Download the pdf here.
This article examines the feasibility of farmers' rights provisions based on intellectual property rights.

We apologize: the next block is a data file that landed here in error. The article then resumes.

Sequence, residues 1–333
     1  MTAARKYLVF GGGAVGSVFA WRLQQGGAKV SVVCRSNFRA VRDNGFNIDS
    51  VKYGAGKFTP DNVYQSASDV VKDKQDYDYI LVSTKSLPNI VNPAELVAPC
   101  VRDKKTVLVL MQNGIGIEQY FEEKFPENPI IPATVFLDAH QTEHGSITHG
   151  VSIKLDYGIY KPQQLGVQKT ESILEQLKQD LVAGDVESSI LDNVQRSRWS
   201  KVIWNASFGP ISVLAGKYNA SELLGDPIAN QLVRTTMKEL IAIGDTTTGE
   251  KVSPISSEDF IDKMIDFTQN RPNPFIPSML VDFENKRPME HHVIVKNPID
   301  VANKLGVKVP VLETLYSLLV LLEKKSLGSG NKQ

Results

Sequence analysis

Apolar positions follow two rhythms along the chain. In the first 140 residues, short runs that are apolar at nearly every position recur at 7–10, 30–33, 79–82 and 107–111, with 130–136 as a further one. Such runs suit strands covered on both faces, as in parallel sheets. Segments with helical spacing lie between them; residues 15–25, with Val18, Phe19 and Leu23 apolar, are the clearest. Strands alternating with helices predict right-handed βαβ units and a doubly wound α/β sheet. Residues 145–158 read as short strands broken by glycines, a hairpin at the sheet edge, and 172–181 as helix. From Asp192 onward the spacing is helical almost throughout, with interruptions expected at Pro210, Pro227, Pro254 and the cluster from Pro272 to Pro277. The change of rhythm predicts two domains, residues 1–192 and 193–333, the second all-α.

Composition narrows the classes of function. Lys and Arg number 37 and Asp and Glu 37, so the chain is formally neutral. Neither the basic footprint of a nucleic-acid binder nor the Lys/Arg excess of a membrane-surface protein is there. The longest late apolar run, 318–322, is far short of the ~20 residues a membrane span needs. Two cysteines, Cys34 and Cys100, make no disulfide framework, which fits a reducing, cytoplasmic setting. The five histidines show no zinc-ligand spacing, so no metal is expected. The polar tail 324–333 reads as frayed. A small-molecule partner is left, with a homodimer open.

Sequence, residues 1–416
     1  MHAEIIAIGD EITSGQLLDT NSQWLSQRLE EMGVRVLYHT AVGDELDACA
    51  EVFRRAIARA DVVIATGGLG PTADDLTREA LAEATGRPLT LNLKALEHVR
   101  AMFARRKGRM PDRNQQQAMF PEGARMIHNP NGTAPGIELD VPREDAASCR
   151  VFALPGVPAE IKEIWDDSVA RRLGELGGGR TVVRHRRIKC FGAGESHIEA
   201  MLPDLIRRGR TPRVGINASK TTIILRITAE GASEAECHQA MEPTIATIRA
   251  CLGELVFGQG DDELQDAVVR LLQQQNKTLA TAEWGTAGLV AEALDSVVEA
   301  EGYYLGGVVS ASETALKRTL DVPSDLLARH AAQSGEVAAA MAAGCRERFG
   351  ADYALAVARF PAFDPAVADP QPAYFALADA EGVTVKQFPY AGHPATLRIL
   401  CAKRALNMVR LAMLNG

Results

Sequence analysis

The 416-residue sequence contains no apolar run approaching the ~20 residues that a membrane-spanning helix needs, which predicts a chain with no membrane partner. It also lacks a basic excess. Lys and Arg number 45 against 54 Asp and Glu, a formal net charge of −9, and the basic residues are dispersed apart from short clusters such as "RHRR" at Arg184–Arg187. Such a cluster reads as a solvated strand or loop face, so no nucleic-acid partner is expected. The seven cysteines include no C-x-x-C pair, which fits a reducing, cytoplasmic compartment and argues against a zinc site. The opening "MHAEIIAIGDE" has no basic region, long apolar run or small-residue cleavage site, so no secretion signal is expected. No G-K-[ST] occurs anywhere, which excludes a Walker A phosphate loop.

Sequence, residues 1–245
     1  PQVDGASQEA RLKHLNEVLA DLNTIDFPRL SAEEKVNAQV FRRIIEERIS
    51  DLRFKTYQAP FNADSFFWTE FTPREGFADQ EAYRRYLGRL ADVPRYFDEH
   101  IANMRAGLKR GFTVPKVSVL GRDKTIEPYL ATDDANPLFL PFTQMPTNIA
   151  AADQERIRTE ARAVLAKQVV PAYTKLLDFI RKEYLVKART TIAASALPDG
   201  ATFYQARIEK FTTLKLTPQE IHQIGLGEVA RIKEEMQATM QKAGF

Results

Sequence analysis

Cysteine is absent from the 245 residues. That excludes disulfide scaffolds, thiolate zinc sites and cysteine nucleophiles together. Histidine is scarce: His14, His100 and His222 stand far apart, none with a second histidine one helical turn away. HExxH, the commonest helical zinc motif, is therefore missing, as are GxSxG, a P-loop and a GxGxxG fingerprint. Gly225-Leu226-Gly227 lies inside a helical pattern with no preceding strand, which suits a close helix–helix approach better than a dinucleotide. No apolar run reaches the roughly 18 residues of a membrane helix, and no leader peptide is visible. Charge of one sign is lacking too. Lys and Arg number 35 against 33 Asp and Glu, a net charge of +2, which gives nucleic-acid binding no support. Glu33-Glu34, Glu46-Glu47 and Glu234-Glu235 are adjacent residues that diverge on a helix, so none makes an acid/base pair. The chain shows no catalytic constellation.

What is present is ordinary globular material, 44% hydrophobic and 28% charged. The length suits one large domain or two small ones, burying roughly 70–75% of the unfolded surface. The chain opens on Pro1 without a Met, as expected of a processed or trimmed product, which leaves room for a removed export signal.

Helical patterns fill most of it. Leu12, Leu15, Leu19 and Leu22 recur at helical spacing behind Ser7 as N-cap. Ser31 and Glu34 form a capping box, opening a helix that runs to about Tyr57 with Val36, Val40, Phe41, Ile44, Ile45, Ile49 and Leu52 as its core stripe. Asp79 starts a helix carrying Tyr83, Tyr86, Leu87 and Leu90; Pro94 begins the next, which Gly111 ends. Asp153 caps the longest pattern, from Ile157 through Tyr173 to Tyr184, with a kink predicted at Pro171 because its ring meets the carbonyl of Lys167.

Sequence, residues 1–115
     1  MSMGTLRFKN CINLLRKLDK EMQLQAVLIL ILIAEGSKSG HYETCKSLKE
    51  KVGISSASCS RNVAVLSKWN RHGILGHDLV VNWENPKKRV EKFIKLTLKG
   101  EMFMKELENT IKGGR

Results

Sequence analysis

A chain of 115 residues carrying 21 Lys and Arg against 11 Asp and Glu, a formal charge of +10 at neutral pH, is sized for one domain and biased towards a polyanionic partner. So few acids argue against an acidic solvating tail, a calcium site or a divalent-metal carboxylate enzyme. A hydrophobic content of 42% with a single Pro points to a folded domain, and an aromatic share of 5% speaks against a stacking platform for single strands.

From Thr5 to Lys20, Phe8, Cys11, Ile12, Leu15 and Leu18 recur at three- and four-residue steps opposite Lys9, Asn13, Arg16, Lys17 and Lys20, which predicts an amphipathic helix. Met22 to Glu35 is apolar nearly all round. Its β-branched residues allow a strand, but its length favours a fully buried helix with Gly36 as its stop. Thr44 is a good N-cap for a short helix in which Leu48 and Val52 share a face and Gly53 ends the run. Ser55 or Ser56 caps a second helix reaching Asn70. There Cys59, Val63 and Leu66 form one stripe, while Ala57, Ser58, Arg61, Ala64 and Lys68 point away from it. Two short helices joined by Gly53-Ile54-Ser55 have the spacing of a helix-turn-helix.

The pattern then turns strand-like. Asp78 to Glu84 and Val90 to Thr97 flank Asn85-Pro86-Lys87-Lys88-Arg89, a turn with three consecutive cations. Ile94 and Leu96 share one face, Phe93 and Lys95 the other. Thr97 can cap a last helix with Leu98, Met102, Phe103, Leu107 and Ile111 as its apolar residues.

It argues that the farmers' rights legislation already adopted in some developing countries will involve enormous operational difficulties, while intellectual property rights based farmers' rights are unlikely to provide any significant economic returns to farmers or farming communities. Indeed, they may dilute the incentives for innovation provided to institutional plant breeders, the author argues, noting that this may not be a desirable outcome for developing countries. Conservation projects supported by community gene funds may be a better way to address concerns regarding the conservation of agrobiodiversity, but it would be unrealistic to expect that such funds could be financed through levies on the royalties of plant breeders, the author concludes.